How to transport skis

Young man packing his skis in the trunk of the car
Our guide to how to transport skis covers the best three solutions for any size of car to get you and your gear to the slopes without any hassle (Image credit: AleksandarNakic)

There’s snow in the forecast, you’ve waxed your skis, picked out a new pair of ski goggles and hauled your best ski jacket out of storage. And that’s not the half of it. By nature, skiing involves a lot of gear – boots, poles, a helmet and lots of bulky clothes. Chances are, you live a car ride away from the nearest resort or mountain and that’s if you’re really lucky. So in order to take advantage of all that fresh snow, you need to figure out how to get your gear to the mountain, and that can be tricky, especially if you have a smaller car. Clearly, you don’t want to pay for rentals when you have your own gear, so check out these three good options for how to transport skis so you can make your best turns on the hill.

1. Inside your car

family at a parking lot unloading ski and snowboard equipment out of their car

Transporting your skis inside your car is the most cost-effective and fuel efficient way to get them to the slopes (Image credit: Daniel Milchev)

Transporting your skis inside your car is the most cost-effective and fuel efficient way to get them to the slopes, and it usually keeps your skis more secure than other options. We won’t lie, it’s easier done when you have less passengers and other gear in your car, and when you drive a larger vehicle such as a truck or SUV, however you can still fit skis in a hatchback or sedan too so long as you know how.

If you do drive an SUV, your skis might simply fit in the trunk leaning up against the back seats. With a small-to-medium sized vehicle, it’s ideal if you can fold down the back seats and slide your skis in so that the tips rest in the center console between the two front seats. If you’re driving alone, you may also be able to fit your skis into the front diagonally so that the tails sit in the passenger footwell and the tips rest on the headrest of the back seat. This leaves your backseat and trunk available for other gear. Always strap your skis together and make sure they’re secure so that they can’t dislodge and interfere with your driving. 

Of course, it’s a good idea to check your skis fit inside your car before you actually want to go skiing, but this option keeps your skis protected from dirt that kicks up from the road, and the rusting influence of the elements. To keep them even better protected, you can place them inside a ski bag before packing them up (this way you’ll have what you need if you ever have to fly with your skis, too).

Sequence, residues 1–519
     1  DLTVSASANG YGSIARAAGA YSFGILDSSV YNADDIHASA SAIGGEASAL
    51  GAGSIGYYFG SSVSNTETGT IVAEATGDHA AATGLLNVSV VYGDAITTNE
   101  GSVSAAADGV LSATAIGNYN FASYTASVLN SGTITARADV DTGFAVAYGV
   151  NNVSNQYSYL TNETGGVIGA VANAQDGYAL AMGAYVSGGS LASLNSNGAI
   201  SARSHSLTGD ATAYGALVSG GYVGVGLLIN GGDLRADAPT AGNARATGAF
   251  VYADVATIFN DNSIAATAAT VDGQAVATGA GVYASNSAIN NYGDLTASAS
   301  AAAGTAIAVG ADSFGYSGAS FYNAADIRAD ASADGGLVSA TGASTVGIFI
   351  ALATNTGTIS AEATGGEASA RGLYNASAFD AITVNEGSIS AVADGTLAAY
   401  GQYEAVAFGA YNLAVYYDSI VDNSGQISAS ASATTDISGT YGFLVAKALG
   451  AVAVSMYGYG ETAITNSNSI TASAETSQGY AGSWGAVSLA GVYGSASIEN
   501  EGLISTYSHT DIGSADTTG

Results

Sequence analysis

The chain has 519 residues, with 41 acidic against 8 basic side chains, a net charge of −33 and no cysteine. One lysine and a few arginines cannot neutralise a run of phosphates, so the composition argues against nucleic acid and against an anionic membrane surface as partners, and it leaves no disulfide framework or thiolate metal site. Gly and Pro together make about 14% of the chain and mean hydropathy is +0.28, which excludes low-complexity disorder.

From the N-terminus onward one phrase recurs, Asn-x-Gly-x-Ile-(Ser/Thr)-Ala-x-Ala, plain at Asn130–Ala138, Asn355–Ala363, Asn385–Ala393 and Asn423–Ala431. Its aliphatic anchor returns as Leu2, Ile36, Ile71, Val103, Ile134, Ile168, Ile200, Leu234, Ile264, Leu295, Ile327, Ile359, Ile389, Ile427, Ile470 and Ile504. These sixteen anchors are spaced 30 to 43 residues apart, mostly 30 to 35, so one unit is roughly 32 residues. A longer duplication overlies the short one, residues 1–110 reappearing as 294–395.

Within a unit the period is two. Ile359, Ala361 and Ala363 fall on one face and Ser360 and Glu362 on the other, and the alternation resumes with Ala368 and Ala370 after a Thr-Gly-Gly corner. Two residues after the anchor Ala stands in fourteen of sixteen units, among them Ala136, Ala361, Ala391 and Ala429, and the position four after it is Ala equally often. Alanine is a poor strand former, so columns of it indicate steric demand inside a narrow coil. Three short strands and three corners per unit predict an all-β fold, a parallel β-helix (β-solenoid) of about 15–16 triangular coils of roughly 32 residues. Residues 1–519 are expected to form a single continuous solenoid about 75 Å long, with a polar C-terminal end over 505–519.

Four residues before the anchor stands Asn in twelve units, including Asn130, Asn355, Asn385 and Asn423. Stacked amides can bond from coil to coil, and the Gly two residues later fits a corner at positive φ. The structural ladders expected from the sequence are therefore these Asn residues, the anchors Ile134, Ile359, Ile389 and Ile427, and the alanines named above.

2. Roof rack 

woman removing skis from car while standing by friend at ski resort

The advantages of roof racks are that they are reasonably inexpensive, usually pretty easy to use (Image credit: Cavan Images)

Let’s say you’re also transporting luggage and other people and there’s absolutely no way any skis are fitting inside your car – what now? Well, depending on what kind of car you have, you can buy a roof rack that will hold your skis while you drive. Roof racks can mount onto the bars on the roof of your car, or attach via magnets or ball mountains. Not all roof racks work with all cars, but if you have bars, you can probably find something quite easily.

The advantages of roof racks are that they are reasonably inexpensive, usually pretty easy to use and they’re easy to store if you want to remove them, but they do have some real disadvantages too. If they’re mounted properly, they won’t cause any damage to your car, but they won’t protect your skis from rusting or all the grime that gets kicked up when you’re driving on grit-covered roads, which means your skis might need a good clean when you get to the slopes, and again when you return home. Annoying. 

They can also make your skis quite easy to steal if you’re leaving them on your vehicle for any length of time, and of course everyone can see your skis which may make them more tantalizing to the sticky-fingered. So, if you have a really nice pair of skis, make sure you park somewhere secure or make this your last option.

3. Cargo box 

Family loading cargo box

Once mounted, cargo boxes are easy to use and have locks to keep your skis protected from thieves (Image credit: Scott Markewitz)

If you have absolutely no room inside your car and you’re looking for a more secure transportation option than a roof rack that keeps your skis clean, you’re really looking at purchasing a cargo box.

The chances are that you can find a cargo box big enough to fit your skis that will work with your car, even if your car is on the small side. Once mounted, cargo boxes are easy to use and have locks to keep your skis protected from thieves as well as from the elements and dirt.

The downsides of this option are that cargo boxes aren’t cheap, costing anywhere between about $500 and $2000 and they also cut down on your fuel efficiency, making this the least economical option and not useful if you’re skiing on a budget. Furthermore, they’re quite large so if you want to take yours off your car during the summer months to improve your fuel efficiency, you’ll need a garage or storage space to store yours.

Julia Clarke is a staff writer for Advnture.com and the author of the book Restorative Yoga for Beginners. She loves to explore mountains on foot, bike, skis and belay and then recover on the the yoga mat. Julia graduated with a degree in journalism in 2004 and spent eight years working as a radio presenter in Kansas City, Vermont, Boston and New York City before discovering the joys of the Rocky Mountains. She then detoured west to Colorado and enjoyed 11 years teaching yoga in Vail before returning to her hometown of Glasgow, Scotland in 2020 to focus on family and writing.